JN: It was reported by us when it happened two years ago.
CD: And the USDA saw those things, but they didn't fine us the first time; they fined us when [People for the Ethical Treatment of Animals] directed them to us and said, "What about these?" They had already seen that, they had already reviewed those things, and yet they came back with double jeopardy and hit us the second time because PETA directed them to it.
In a separate incident, there was a company back in Boston that hired you to do some experiments, and seven of the nine monkeys that were involved had to be euthanized—they got bladder complications as a result of the experiments. A company called InVivo sued the lab last fall. You settled in December. For how much?
JN: We're not allowed to discuss that case [as part of the court settlement].
IM: How many sponges get left in patients at OHSU hospital? How many surgeries do we do in a day? What is the percentage of ones that have sponges left in them? We do a lot of procedures that go really, really well. I bet that's less than 1 percent of the cases.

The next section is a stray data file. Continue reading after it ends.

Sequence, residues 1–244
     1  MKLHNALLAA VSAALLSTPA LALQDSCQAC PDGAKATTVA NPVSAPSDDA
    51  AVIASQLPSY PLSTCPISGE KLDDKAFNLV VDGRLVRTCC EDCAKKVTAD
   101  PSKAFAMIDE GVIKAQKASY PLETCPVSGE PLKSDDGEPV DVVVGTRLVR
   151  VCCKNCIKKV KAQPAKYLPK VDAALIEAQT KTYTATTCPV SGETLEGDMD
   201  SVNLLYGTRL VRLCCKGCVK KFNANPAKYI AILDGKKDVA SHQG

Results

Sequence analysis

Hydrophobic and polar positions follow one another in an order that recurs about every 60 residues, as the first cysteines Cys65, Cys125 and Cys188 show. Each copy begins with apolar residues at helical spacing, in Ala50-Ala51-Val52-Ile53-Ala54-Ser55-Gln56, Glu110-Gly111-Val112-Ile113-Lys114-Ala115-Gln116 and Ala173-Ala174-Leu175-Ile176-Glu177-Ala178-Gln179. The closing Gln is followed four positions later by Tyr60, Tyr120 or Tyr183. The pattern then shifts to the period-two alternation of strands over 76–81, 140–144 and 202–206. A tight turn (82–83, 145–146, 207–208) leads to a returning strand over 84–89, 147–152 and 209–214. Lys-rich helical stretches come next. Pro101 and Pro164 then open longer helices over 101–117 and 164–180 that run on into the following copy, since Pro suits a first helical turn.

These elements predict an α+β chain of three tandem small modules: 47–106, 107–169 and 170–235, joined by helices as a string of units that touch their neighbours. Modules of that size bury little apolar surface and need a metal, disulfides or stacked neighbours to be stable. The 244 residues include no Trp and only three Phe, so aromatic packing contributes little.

How many procedures do you perform?
IM: A lot. Just today, I had 18 animals as part of my studies.... And I am a junior faculty member, so I do not have large vaccine studies going on. Everything went great today. I went back, checked on my monkeys, and they looked fantastic. So you can't get caught up on the one report of the one thing that went on when you have no idea how many things went right.
In 2000, an activist who worked undercover at the primate center released evidence of what he described as animal abuse. Shortly after, you hired a pathologist to report on conditions at your lab. Her report was critical of some practices, in particular electroejaculation, a method of obtaining semen that in some cases caused injury to the penis. Do you still use that method?
JN: A changed version of it is. That was one of the things, a machine that needed to be replaced.... If you ever want to do it, I'm happy to put it on your finger so you can see. It's a vibration. It's just like putting a vibrator on your finger. It's also been used on human patients.… Of course, when somebody like [activist] Matt Rossell talks about it, they're going to say, "Oh, the electrocution is enormous," and they try to draw pictures of what happened in [Abu Ghraib].